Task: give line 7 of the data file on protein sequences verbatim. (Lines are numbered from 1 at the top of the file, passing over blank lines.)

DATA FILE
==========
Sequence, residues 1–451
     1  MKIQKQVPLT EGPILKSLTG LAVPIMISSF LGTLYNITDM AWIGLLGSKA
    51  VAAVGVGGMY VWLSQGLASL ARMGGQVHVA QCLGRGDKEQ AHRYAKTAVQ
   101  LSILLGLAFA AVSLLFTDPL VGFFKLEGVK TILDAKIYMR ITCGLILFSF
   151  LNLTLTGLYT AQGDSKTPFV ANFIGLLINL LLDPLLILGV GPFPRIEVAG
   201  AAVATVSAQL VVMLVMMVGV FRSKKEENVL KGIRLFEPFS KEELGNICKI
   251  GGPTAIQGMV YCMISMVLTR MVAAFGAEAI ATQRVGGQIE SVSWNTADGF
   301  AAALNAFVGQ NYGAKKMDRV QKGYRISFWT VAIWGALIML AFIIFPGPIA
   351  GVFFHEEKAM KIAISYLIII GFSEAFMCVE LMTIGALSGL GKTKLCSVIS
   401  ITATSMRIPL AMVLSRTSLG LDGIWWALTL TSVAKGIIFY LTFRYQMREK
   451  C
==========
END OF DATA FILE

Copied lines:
   251  GGPTAIQGMV YCMISMVLTR MVAAFGAEAI ATQRVGGQIE SVSWNTADGF